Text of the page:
At a recent Council of Chief State School Officers state collaborative meeting of state assessment leaders and test company representatives, Daniel Mix and Molly Buck from Curriculum Associates showed the diverse and often mutually exclusive purposes for which some states use these tests. I would not have interpreted “universal” to mean its use varies from state to state. If these tests are truly universal, their use should at least be similar, if not identical, across states. To hammer home this confusion, one state just passed a universal-screener law that requires the use of a “norm-referenced, formative assessment.” I swear, they are just trying to provoke me!
The Way Forward: Assessment Descriptions
If I had my way, we’d get rid of most of these assessment terms. Users, test companies, and others would have to describe their specific use-cases and outline the evidence that their tools can indeed be used in those ways without serious unintended negative consequences.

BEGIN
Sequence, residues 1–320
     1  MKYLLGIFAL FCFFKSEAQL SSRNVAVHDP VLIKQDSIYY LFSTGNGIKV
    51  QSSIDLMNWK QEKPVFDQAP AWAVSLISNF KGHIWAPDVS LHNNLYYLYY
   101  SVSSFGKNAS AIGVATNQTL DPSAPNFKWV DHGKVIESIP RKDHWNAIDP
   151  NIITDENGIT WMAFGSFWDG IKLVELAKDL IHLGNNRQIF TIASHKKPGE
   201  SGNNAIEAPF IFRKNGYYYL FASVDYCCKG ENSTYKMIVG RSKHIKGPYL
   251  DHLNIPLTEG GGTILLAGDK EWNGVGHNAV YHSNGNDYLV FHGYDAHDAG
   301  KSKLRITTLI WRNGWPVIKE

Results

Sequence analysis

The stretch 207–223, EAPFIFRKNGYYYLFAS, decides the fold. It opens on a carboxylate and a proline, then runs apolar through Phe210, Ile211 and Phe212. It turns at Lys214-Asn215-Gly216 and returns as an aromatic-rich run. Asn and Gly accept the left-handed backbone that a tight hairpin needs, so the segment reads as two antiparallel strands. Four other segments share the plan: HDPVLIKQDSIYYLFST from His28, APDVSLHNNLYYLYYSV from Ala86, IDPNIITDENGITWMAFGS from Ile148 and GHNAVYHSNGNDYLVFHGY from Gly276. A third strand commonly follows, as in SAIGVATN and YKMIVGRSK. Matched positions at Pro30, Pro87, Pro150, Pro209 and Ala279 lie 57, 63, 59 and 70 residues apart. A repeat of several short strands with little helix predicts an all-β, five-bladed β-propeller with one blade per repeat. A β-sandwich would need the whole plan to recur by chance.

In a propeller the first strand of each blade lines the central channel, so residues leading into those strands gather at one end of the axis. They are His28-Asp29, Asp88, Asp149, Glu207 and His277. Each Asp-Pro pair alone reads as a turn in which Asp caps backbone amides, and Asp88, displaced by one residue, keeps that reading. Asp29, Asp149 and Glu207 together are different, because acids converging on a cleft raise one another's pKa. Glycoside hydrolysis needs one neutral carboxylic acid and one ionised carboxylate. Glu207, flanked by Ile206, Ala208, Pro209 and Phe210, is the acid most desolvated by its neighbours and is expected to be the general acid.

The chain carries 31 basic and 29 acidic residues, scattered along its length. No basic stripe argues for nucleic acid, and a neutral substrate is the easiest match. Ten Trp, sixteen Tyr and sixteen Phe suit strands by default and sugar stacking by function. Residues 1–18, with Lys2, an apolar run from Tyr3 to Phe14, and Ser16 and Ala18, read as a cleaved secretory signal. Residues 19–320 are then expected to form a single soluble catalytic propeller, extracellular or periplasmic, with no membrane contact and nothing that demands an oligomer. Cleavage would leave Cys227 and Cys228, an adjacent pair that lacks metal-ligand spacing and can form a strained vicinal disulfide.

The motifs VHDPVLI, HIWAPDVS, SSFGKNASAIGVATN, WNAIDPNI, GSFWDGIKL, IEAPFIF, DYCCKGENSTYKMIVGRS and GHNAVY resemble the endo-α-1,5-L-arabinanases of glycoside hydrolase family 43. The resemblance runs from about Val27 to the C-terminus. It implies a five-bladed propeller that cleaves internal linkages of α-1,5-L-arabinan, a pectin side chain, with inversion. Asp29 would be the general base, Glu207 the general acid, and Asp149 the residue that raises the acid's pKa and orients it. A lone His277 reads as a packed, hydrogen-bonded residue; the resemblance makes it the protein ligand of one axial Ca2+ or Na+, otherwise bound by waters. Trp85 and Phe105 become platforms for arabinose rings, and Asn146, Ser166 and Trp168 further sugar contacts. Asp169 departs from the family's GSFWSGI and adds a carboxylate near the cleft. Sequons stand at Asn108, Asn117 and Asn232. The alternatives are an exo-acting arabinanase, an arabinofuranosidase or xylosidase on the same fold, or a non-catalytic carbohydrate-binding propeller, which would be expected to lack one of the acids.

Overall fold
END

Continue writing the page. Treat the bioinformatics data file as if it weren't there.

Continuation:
Even early in the development phase, test developers should supply some evidence of appropriate design, such as field tests and/or cognitive labs. They could say, for example, that teachers can use a rich performance task to provide information about how well students are able to use scientific practices to make sense of an ecological phenomenon in a recent unit of instruction. They don’t have to call it an interim or unit-based test, but they should have to provide evidence indicating why this task is likely to yield valid inferences about what students know and are able to do as they study ecology.